Find all positive integers $x$, that satisfy $29x^{33} \equiv 27 \pmod {11}$.

I approached this the following way:

Since from $29x^{33} \equiv 27 \pmod {11}$ we get that $7x^{33} \equiv 5 \pmod {11}$ and since $\gcd(7,5)=1$ we would get that $\phi(11)=10$ which would imply that $7x^{10} \equiv 5 \pmod {11}$.

How should I continue from here, it doesn't seem to be quite clear.



and $$\phi(11)=10$$


Now as $7\cdot8\equiv1\pmod{11},$

$$ x^3\equiv5\cdot8\equiv(-4)\pmod{11}$$

Finally as $1=10-3\cdot3,$


  • 3
    $\begingroup$ $3=10−3⋅3$. should be $1=10−3⋅3$ $\endgroup$ Jun 20 '20 at 12:08
  • $\begingroup$ As lab bhattacharjee hasn't responded so far, I've corrected the post. $\endgroup$
    – Toby Mak
    Jun 20 '20 at 12:22
  • $\begingroup$ @TobyMak, Thanks for the edit $\endgroup$ Jun 20 '20 at 12:34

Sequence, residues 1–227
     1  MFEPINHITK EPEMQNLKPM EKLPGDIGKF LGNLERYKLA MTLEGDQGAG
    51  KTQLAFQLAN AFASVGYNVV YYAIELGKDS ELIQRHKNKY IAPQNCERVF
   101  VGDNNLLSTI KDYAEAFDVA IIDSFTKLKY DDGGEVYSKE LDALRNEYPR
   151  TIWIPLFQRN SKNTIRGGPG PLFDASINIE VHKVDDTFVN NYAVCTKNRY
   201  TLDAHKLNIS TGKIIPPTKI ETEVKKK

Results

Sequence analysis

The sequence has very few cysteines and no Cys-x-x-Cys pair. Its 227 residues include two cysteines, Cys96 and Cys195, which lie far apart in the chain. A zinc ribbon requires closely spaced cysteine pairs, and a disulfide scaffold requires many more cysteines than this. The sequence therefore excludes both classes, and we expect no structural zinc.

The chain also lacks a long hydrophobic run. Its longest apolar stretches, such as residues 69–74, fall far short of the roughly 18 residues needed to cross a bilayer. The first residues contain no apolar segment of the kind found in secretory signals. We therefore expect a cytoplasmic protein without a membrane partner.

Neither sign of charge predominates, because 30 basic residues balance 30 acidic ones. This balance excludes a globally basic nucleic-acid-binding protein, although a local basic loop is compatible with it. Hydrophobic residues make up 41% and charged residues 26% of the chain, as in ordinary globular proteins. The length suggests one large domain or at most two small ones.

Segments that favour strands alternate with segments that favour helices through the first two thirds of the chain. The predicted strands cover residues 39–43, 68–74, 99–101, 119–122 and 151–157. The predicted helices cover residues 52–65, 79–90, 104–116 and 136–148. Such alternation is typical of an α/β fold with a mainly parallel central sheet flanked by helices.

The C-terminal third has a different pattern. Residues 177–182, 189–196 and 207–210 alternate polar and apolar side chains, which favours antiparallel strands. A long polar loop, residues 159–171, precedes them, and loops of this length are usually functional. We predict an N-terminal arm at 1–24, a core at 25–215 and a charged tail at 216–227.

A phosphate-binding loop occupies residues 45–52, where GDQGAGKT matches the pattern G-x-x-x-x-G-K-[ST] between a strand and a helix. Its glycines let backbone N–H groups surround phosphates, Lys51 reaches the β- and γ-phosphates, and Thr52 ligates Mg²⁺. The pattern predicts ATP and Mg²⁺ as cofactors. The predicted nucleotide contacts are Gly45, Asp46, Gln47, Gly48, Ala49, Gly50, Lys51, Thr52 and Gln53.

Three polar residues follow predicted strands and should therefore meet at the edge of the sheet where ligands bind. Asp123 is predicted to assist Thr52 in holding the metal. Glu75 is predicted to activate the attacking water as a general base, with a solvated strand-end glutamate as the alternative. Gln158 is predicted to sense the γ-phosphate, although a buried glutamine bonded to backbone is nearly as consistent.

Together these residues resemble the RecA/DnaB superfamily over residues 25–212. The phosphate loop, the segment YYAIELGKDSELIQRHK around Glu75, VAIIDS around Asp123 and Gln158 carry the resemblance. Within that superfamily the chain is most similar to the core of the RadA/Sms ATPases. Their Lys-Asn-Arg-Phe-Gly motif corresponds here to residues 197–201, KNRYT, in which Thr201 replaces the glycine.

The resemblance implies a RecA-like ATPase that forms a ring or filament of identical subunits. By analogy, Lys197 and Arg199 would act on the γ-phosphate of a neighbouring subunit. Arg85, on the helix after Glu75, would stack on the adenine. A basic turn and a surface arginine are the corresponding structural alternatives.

• $\begingroup$ Posted five minutes after the question. Do you ever search for duplicates? This type of equations have been covered many times already. $\endgroup$ Jun 20 '20 at 19:02
  • $\begingroup$ @Jyrki, Please feel free to mark it as duplicate. Also, in MSE, this is not the only type of questions which have been asked many a times. $\endgroup$ Jun 21 '20 at 1:27

as lab showed : $$x^3\equiv-4$$ then we have: $${(x^3)}^7\equiv{(-4)}^7$$

$$ \Longrightarrow x \equiv6 \,(mod11) $$


Another path: Subtract $11$ from $29$ to get

$$18x^3\equiv 27 \pmod{11}.$$

Divide by $9$

$$2x^3 \equiv 3 \equiv 14 \pmod{11}.$$

Divide by $2$

$$x^3 \equiv 7 \pmod{11}.$$

Cube both sides

$$x^9 \equiv x^{-1} \equiv 49\cdot 7 \equiv 2 \pmod{11}.$$

Solve $2x\equiv 1 \pmod{11}$ to get $x=6$.


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